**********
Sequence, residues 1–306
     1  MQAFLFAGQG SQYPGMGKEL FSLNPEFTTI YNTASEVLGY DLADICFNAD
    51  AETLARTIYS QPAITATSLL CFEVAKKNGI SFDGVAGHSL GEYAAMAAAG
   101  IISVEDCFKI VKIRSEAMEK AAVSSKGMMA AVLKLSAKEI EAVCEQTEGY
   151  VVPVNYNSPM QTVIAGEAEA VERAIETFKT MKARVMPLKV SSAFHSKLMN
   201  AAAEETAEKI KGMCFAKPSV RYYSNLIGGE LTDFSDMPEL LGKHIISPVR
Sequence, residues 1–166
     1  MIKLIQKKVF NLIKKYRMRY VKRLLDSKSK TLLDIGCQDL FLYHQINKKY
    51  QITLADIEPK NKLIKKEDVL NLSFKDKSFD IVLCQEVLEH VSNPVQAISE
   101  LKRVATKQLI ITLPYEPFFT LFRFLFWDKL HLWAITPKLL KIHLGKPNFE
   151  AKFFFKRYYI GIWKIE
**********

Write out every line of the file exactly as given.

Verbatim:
Sequence, residues 1–306
     1  MQAFLFAGQG SQYPGMGKEL FSLNPEFTTI YNTASEVLGY DLADICFNAD
    51  AETLARTIYS QPAITATSLL CFEVAKKNGI SFDGVAGHSL GEYAAMAAAG
   101  IISVEDCFKI VKIRSEAMEK AAVSSKGMMA AVLKLSAKEI EAVCEQTEGY
   151  VVPVNYNSPM QTVIAGEAEA VERAIETFKT MKARVMPLKV SSAFHSKLMN
   201  AAAEETAEKI KGMCFAKPSV RYYSNLIGGE LTDFSDMPEL LGKHIISPVR
Sequence, residues 1–166
     1  MIKLIQKKVF NLIKKYRMRY VKRLLDSKSK TLLDIGCQDL FLYHQINKKY
    51  QITLADIEPK NKLIKKEDVL NLSFKDKSFD IVLCQEVLEH VSNPVQAISE
   101  LKRVATKQLI ITLPYEPFFT LFRFLFWDKL HLWAITPKLL KIHLGKPNFE
   151  AKFFFKRYYI GIWKIE